Technology solutions address loneliness. From Zoom video chats to innovative products designed especially for seniors, technology can bridge gaps between socially distant friends and family. Look into easy-to-use phones and tablets that offer additional features, such as brain games and digital assistants like Alexa and Siri. However, too much screen time can lead to fatigue and eye strain, so consider alternating between technology and good, old-fashioned phone calls. Other ways friends and families can use technology to connect include:
Exercise feels good physically and emotionally. Brisk movement helps ward off anxiety and depression in addition to offering physical health benefits. If you live in a neighborhood with socially isolated seniors, suggest taking a short walk together or spending time outside. During this time of social distancing, remember to wear a mask and stay 6 feet apart.
Learning and exploring reduces cognitive decline. There are hundreds of online resources for seniors who want to learn from home. From video livestreams of zoos and museums to open online courses, there are mentally stimulating resources available to fit every senior’s interests.
Senior living prevents loneliness in seniors. Older adults are less likely to feel lonely when they have the opportunity to spend time with friends and peers. A senior living community counters many of the reasons for social isolation described above: Without having to worry about transportation, entertainment, or family dynamics, seniors have more time to live a life they enjoy.
Even when social distancing restrictions lift, many seniors will struggle with isolation. As far back as the 1950s, psychiatrist Frieda Fromm-Reichman raised awareness about the dangers loneliness, which she defined as the difference between someone’s “preferred and actual social relations.” For some, that gap has widened during COVID-19 — for others, it’s been caused by situations that will persist once the pandemic subsides.
Administration on Aging. “A Profile of Older Americans.” https://acl.gov/sites/default/files/Aging%20and%20Disability%20in%20America/2017OlderAmericansProfile.pdf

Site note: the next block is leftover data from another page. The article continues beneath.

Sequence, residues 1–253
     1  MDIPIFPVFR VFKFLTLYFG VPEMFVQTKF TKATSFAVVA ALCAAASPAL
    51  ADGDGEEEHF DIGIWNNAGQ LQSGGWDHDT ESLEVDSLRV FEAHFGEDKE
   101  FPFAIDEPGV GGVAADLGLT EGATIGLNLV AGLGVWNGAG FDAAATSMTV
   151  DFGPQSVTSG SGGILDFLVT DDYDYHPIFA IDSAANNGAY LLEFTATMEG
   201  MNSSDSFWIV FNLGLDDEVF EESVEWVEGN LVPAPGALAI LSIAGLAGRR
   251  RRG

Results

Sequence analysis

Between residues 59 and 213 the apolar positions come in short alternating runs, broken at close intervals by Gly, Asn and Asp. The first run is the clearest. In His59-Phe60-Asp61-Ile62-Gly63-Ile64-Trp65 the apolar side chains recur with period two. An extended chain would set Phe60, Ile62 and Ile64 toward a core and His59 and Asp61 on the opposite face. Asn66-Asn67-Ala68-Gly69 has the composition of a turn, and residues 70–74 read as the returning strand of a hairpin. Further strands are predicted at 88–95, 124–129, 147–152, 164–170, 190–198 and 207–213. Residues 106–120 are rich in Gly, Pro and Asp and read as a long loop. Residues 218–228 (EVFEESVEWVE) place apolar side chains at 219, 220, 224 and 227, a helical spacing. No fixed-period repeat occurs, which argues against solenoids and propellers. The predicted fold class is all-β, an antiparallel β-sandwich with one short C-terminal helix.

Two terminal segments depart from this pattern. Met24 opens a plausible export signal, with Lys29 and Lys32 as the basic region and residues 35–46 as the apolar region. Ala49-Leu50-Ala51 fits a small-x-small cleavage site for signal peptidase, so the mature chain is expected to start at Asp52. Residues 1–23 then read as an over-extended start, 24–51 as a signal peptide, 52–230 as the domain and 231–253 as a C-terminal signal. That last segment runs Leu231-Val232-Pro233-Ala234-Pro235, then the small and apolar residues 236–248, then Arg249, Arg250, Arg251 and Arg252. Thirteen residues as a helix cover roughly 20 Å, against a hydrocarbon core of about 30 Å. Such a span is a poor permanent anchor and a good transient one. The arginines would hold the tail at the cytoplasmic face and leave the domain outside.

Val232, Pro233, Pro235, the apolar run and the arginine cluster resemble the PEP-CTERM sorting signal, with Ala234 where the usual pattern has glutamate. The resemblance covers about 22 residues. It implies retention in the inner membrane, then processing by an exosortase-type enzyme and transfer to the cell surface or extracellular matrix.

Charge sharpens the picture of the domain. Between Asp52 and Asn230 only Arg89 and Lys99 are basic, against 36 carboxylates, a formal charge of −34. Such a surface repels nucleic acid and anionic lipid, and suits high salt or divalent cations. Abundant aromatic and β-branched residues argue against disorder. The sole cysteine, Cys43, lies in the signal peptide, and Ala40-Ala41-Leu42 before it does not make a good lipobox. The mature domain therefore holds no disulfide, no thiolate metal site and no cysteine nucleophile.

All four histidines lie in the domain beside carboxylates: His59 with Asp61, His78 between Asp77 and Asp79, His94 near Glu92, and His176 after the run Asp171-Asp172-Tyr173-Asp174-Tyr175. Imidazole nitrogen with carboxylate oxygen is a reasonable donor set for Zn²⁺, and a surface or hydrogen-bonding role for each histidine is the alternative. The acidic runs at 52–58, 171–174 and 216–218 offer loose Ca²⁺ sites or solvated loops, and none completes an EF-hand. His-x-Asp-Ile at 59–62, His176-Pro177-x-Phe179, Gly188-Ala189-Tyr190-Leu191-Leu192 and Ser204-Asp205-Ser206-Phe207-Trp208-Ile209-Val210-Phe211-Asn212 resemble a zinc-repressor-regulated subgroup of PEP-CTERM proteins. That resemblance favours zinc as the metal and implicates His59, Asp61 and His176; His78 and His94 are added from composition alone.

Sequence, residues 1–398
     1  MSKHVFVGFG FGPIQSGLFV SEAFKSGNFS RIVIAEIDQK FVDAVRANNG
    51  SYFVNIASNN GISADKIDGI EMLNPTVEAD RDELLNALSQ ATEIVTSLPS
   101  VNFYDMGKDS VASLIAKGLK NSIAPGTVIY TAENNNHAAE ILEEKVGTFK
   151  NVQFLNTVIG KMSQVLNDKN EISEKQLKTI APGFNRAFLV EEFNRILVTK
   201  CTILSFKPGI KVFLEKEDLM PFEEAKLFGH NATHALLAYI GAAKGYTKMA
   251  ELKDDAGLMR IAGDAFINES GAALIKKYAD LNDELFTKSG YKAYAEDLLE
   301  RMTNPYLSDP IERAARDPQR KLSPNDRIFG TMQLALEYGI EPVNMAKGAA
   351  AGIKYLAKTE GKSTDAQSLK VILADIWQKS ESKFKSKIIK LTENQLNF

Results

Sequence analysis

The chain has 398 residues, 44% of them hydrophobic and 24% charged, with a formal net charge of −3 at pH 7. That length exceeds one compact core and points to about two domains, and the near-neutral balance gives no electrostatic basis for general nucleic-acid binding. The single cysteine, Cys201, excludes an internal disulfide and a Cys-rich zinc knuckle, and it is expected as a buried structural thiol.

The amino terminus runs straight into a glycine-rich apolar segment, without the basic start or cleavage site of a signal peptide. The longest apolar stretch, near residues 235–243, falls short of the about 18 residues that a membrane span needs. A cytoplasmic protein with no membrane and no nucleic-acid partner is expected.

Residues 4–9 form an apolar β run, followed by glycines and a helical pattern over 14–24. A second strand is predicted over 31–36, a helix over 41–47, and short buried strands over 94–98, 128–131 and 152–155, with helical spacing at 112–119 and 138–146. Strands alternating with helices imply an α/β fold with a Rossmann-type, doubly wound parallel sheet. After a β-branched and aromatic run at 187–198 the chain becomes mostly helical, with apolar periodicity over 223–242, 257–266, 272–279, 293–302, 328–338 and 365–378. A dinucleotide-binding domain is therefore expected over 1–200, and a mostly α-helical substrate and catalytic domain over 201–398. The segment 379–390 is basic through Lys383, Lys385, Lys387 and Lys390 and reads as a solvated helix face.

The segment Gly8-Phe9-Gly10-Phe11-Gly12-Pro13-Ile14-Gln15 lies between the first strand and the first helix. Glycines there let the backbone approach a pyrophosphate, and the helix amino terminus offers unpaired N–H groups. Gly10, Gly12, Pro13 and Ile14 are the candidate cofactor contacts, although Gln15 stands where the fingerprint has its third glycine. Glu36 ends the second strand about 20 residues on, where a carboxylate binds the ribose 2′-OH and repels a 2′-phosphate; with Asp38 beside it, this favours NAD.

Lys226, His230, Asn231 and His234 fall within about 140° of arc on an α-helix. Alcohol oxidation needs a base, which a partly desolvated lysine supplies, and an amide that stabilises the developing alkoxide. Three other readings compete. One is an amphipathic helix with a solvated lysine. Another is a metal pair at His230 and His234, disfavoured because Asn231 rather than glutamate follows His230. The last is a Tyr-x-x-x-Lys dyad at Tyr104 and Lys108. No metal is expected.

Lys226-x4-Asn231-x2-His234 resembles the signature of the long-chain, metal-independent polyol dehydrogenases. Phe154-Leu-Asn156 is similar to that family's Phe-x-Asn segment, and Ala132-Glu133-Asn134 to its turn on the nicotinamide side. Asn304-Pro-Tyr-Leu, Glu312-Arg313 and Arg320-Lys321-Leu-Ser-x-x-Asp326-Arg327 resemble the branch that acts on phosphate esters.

National Institute on Aging. “Social isolation, loneliness in older people pose health risks.” https://www.nia.nih.gov/news/social-isolation-loneliness-older-people-pose-health-risks
University of Chicago. Loneliness: “Clinical Import and Interventions.” https://www.ncbi.nlm.nih.gov/pmc/articles/PMC4391342/
Rush University Medical Center. “Rush Memory and Aging Project.” https://www.ncbi.nlm.nih.gov/pmc/articles/PMC3439198/
Brigham Young University. “Loneliness and Social Isolation as Risk Factors for Mortality: A Meta-Analytic Review.” https://journals.sagepub.com/doi/full/10.1177/1745691614568352
University of Michigan. “Poll on Healthy Aging.” https://www.healthyagingpoll.org/report/loneliness-among-older-adults-and-during-covid-19-pandemic
University of Washington. “Caring for Washington’s older adults in the COVID-19 pandemic: Interviews with organization leaders about the state of social and healthcare services.” https://digital.lib.washington.edu/researchworks/bitstream/handle/1773/46272/
Claire Samuels is a content writer at A Place for Mom. She worked with senior living communities throughout the Midwest before pivoting to writing. She’s passionate about sharing ways of living well at any age.